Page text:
Evaluation of Fertilization-to-Planting and Fertilization-to-Harvest Intervals for Safe Use of Noncomposted Bovine Manure in Wisconsin Vegetable Production
Source: Journal of Food Protection®, Number 6, June 2005, pp. 1132-1317 , pp. 1134-1142(9)
Abstract:Fresh bovine manure was mechanically incorporated into loamy sand and silty clay loam Wisconsin soils in April 2004. At varying fertilization-to-planting intervals, radish, lettuce, and carrot seeds were planted; crops were harvested 90, 100, 110 or 111, and 120 days after manure application. As an indicator of potential contamination with fecal pathogens, levels of Escherichia coli in the manure-fertilized soil and presence of E. coli on harvested vegetables were monitored. From initial levels of 4.0 to 4.2 log CFU/g, E. coli levels in both manure-fertilized soils decreased by 2.4 to 2.5 log CFU/g during the first 7 weeks. However, E. coli was consistently detected from enriched soil samples through week 17, perhaps as a result of contamination by birds and other wildlife. In the higher clay silty clay loam soil, the fertilization-to-planting interval affected the prevalence of E. coli on lettuce but not on radishes and carrots. Root crop contamination was consistent across different fertilization-to-harvest intervals in silty clay loam, including the National Organic Program minimum fertilization-to-harvest interval of 120 days. However, lettuce contamination in silty clay loam was significantly (P < 0.10) affected by fertilization-to-harvest interval. Increasing the fertilization-to-planting interval in the lower clay loamy sand soil decreased the prevalence of E. coli on root crops. The fertilization-to-harvest interval had no clear effect on vegetable contamination in loamy sand. Overall, these results do not provide grounds for reducing the National Organic Program minimum fertilization-to-harvest interval from the current 120-day standard.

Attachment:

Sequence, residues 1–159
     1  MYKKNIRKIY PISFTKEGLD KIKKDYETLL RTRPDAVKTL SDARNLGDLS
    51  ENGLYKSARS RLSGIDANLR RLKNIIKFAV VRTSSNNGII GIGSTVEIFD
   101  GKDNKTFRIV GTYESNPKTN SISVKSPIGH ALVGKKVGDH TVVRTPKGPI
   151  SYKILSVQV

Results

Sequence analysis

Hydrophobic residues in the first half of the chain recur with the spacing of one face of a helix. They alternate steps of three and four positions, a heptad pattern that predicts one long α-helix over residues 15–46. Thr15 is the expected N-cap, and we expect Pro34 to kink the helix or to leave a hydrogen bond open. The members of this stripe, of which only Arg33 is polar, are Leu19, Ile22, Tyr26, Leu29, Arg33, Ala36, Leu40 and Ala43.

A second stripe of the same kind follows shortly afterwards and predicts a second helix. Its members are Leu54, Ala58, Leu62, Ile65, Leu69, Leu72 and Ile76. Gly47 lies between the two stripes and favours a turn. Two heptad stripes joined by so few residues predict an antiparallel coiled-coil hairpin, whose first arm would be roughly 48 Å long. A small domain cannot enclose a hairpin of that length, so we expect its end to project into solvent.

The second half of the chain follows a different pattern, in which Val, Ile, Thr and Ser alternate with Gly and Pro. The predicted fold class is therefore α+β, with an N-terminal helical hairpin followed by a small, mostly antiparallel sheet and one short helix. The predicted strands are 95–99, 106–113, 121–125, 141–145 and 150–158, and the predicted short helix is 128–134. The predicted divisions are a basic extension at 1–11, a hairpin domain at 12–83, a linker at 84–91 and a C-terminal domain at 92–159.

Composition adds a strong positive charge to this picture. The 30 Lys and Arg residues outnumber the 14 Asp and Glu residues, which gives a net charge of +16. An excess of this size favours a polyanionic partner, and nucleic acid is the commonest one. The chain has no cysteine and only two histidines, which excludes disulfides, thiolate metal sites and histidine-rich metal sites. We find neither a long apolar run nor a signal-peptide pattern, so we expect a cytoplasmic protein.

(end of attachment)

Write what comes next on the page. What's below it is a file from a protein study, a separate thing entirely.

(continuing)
Document Type: Research Article
Affiliations: 1: Department of Food Science, University of Wisconsin–Madison, Madison, Wisconsin 53706-1565, USA 2: Agricultural Research Station, University of Wisconsin–Madison, Hancock, Wisconsin 54943, USA 3: West Madison Agricultural Research Station, University of Wisconsin–Madison, Verona, Wisconsin 53593, USA 4: Department of Statistics, University of Wisconsin–Madison, Madison, Wisconsin 53706-1565, USA
Publication date: June 2005
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